Mark Croft is the PGA Director of Golf at The Las Barrancas Golf Course, the Foothills Golf Course, and the Foothills Par 3, in Yuma, Arizona. He is also the PGA Owner/Operator of the Mark Croft Golf Academy.
Mark Croft on the importance of offering individual and group adaptive golf instruction to veterans:
I feel the game of golf can be very therapeutic and the benefits of participation are far reaching. After contacting our local VA and Chamber of Commerce, I was joined by 2014 PGA National Teacher of the Year, Kathy Gildersleeve-Jensen, as we combined efforts with PGA HOPE (Helping Our Patriots Everywhere) to conduct a 6-week adaptive golf program specifically geared towards disabled veterans. I always say that golf is a sport for everyone, and as a recent amputee myself, I felt I could communicate with these men and women on multiple levels, most importantly, on how to play the game of golf and the benefits of doing so. The program kicked off with a media day to promote this very special event. The participants would arrive at our facility on six consecutive Wednesdays to learn everything from the proper setup and golf swing, to short game, putting, and on-course management. We ensured all the proper equipment and apparatuses were on hand for use by those students who needed them. Ensuring these folks were as comfortable as possible was vital, as learning the game is tough enough under the best of circumstances. Considering the variety of physical disabilities these heroes are living with makes their comfort even more important. The attention we received from media, sponsors, and the local community has ensured additional clinics of this kind will be planned, as the more veterans we can touch with our great game, the better the game is for it.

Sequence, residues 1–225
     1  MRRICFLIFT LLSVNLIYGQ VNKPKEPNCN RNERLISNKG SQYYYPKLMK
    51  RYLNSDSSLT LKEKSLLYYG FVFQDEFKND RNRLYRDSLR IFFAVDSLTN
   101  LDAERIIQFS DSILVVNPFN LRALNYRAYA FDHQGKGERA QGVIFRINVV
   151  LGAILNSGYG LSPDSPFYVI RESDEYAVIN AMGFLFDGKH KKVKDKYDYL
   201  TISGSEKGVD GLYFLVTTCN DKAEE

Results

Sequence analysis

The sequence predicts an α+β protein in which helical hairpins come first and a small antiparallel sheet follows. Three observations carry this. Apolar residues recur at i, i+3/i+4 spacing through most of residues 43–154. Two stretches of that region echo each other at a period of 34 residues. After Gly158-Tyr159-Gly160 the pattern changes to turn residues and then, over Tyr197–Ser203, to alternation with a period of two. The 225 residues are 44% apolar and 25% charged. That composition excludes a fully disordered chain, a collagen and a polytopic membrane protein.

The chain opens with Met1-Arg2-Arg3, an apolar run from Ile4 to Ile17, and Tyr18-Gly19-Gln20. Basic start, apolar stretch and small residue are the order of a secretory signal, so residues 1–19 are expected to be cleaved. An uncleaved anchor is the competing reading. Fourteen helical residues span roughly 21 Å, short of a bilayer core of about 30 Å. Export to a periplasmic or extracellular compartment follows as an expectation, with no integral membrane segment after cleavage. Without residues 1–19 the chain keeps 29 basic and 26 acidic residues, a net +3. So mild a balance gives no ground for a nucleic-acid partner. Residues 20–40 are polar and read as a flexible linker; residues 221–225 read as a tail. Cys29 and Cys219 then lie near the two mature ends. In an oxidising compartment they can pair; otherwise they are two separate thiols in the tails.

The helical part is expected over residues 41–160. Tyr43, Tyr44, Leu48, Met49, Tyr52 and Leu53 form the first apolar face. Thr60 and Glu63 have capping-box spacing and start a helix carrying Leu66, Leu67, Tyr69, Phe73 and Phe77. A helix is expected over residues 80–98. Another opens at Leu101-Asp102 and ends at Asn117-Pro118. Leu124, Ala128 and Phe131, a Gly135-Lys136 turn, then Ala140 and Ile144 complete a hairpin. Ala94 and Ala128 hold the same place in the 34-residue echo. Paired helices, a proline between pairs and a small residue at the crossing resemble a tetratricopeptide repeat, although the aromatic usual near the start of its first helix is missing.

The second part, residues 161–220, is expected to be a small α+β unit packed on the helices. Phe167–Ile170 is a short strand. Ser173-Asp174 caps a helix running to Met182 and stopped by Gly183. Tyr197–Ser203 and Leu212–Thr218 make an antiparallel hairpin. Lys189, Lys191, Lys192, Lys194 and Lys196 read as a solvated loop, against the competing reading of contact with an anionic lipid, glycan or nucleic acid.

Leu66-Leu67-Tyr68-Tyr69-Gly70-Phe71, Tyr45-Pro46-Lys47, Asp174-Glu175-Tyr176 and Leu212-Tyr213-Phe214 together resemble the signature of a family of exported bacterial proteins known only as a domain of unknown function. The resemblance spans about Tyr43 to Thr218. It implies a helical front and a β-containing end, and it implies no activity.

Mark Croft on the business impact of offering individual and group adaptive golf instruction to veterans:
The impact of offering golf programs to disabled veterans goes beyond our club’s bottom line. The good will and satisfaction that comes from doing something good is immeasurable. With that being said, 6,000,000 disabled veterans is a sizable market to consider and gaining even a small percentage of them as regular golfers can have a positive impact on your business, not to mention the great effect you will have on their lives. With a dozen individuals attending our pilot program, four of whom had never played golf, we had a manageable sized group. Five of these twelve people are now playing twice per week and they’re telling their friends about the game. Out of the twelve new golfers, two joined our men’s league and three of their kids joined our youth program. Also, we’ve sold a few putters and wedges, and even gained some individual lessons. We have also been working with the VA’s in Phoenix and Tucson and programs are scheduled to begin in both locations early in 2017. In addition, “Red, White, and Blue”, a nationwide group committed to veterans and their families, has asked that we run a new program this summer. Getting these families at our facility on a regular basis will improve their lives, while introducing the game and our club to many new customers. The program is free, but the residual business sure to come from growing the game is something I strive for with every program I facilitate.
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